"This is not what most people envision when they think of triathlons," race announcer and triathlon writer Mike Plant was saying before Sunday's Bud Light U.S. Triathlon Series National Championship on Hilton Head Island, S.C. "This kind is fast and frantic. It's barely controlled chaos."
Indeed, chaos, controversy and what might be called Colorado crystal power were all aswirl in the winds that greeted a beach full of goggled, Magic Marker-numbered competitors. This was to be an "international distance" triathlon, the most common type among the 2,000-plus held each year in the United States. The 1,945 entrants, some of them pros competing for $33,000 in prize money and others amateurs vying for national age-group titles, would string together a 1,500-meter ocean swim, a 25.6-mile bike ride and a 6.2-mile run—the best of them completing the three legs in well under two hours. Compare that with the Ironman race in Hawaii, which consists of a 2.4-mile swim, a 112-mile bike ride and a full 26.2-mile marathon and generally takes nine hours or more to complete. "At this distance," said men's co-favorite Mike Pigg of Arcata, Calif., who had dominated the 12-race USTS pro circuit this past season, "it's all-out all the way."
Pigg stormed into the choppy Atlantic leading the first of 14 flights of starters. These were the male pros, and they crowded, bumped and kicked for position. The swells were high enough that the athletes soon couldn't see one another. Pigg would claim later that some of his rivals cut inside a buoy illegally, saving 15 yards. But who could tell? Not the race judges, clinging as they were to surfboards that bobbed about like corks.
Oddly, even though the ocean temperature was 82°, most of the athletes, including Pigg and his main rival, Mark Allen, were clad in highly buoyant rubber wet suits—outfits normally worn in cold water to prevent hypothermia. These suits have become the rage in triathloning because they hold swimmers high in the water and can shave minutes off their times. Their use has justly infuriated the good swimmers in the sport, who point out that the wet suits help poor swimmers considerably more than themselves. "It's unbelievable, the difference," said Karen Chequer-Pfeiffer, a top woman pro. "With a wet suit, you don't even have to use your legs."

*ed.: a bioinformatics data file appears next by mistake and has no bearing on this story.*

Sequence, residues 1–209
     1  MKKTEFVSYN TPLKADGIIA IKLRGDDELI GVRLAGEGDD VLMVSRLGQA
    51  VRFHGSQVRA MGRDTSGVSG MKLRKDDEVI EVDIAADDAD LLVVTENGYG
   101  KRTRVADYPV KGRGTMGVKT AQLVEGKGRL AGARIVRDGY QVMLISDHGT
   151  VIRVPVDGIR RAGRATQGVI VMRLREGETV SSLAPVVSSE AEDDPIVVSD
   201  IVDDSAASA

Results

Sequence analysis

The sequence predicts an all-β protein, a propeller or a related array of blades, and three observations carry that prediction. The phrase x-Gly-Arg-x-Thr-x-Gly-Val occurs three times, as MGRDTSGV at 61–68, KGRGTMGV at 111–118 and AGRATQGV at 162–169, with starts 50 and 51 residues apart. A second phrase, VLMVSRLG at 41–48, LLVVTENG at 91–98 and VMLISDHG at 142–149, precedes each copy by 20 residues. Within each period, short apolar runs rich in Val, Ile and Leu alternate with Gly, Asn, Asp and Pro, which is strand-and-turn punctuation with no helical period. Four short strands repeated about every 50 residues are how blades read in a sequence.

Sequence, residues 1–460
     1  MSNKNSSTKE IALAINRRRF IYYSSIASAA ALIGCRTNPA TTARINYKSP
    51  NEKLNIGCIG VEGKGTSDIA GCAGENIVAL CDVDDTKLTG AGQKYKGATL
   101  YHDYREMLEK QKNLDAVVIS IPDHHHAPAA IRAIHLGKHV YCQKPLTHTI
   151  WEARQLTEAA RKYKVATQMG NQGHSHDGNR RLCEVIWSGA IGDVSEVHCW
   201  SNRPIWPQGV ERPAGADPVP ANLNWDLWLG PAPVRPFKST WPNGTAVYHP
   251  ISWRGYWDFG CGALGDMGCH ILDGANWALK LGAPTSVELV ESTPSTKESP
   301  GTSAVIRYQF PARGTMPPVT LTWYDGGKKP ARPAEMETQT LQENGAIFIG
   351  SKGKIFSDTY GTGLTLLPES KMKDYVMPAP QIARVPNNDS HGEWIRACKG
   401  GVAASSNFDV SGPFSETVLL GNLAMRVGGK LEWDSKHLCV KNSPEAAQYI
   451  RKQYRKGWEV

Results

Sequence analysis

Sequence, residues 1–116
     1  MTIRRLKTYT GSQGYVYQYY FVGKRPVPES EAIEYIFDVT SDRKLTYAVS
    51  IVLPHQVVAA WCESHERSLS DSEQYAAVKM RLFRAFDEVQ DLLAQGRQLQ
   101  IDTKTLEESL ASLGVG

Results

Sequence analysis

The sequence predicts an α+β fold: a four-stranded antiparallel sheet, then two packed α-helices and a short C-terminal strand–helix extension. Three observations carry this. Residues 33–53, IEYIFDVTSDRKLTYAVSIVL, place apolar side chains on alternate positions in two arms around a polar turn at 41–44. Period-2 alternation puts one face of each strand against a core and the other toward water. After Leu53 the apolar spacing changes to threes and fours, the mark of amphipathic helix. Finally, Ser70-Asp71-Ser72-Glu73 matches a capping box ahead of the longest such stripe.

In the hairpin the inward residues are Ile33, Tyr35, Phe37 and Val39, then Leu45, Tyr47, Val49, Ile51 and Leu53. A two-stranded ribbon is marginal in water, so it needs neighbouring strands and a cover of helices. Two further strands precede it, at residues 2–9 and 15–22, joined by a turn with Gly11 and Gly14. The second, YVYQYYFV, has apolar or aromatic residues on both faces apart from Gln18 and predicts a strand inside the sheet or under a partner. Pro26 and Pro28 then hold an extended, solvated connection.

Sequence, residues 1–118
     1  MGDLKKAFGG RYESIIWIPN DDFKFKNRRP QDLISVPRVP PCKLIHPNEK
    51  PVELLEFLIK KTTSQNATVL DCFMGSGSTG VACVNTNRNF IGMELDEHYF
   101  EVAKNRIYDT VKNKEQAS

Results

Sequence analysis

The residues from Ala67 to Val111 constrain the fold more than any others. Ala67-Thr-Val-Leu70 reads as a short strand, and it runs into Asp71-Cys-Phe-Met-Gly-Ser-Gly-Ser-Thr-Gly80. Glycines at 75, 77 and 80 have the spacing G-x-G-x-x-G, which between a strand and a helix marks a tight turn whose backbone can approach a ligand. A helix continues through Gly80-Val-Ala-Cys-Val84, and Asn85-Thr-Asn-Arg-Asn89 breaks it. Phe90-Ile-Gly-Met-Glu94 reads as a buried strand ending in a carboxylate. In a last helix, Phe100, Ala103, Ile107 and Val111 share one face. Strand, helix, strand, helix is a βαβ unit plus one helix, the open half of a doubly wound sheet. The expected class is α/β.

October 4, 1987
Wading ashore first in 17:45 on Sunday was wet suit-clad Brooks Clark, a Delaware junior. Clark, considered by some the sport's heir apparent, had built a six-second lead on the field and a 1:19 margin over Pigg, who was mired in 18th place. Peeling off his wet suit as he ran, Clark dashed up a carpeted ramp and through a makeshift shower, continued past cheerleaders and a school band and found his way to a parking lot, where considerably more than $1 million worth of bicycles sat neatly racked. He found his own bike and was off. The route would be flat and fast.
Pigg, 23, was soon chasing. He is the swiftest, most furious cyclist that triathloning has ever seen and, at shorter distances at least, his wheels have carried him past the sport's great Scotts: five-time Ironman winner Dave Scott, two-time Ironman champion Scott Tinley and four-time USTS titlist Scott (the Terminator) Molina, who opted to skip Sunday's race following a disastrous '87 season.
The only established triathlon star Pigg hadn't beaten was the 29-year-old Allen, a former All-America swimmer at UC San Diego, now better known as the cover boy for Kellogg's triathlete-tailored yuppie chow, Pro Grain cereal. Allen, a five-time winner of the "world championship" in Nice, France, which rivals the Ironman "world championship" in importance on the sport's calendar, had cruised undefeated through a selective schedule of 1987 races, beating Pigg four times, three of them in USTS events. Here he was in fourth place as he hopped onto his bike, with Pigg more than a minute behind.